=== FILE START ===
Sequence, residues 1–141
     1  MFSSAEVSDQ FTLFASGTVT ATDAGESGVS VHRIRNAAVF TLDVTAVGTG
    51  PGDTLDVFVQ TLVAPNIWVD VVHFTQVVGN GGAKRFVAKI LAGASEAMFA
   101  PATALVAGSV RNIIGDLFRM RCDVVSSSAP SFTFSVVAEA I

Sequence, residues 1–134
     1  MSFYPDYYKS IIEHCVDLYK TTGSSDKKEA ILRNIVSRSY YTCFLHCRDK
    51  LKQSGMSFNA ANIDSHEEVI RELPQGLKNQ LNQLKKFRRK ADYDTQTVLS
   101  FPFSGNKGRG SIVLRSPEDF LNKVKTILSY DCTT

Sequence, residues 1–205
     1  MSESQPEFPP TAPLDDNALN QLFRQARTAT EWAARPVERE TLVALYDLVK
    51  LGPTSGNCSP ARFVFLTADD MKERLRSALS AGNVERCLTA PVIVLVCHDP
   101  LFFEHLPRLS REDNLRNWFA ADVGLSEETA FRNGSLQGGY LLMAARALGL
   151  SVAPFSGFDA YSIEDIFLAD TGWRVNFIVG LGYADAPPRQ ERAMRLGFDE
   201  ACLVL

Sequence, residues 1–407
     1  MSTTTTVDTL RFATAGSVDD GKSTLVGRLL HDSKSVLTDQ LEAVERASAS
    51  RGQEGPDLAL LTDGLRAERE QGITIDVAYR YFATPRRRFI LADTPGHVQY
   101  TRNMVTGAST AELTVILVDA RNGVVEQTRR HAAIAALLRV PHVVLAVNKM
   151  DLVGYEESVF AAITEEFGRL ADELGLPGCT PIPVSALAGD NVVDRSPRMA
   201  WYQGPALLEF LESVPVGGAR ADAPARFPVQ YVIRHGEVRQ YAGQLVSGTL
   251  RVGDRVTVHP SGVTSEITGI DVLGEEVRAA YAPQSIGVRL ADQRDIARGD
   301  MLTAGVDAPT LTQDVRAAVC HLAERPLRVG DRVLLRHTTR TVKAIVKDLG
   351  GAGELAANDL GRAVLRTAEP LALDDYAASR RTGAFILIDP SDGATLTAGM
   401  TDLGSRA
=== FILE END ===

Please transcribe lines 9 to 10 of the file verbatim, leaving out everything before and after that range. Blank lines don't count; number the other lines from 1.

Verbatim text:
Sequence, residues 1–205
     1  MSESQPEFPP TAPLDDNALN QLFRQARTAT EWAARPVERE TLVALYDLVK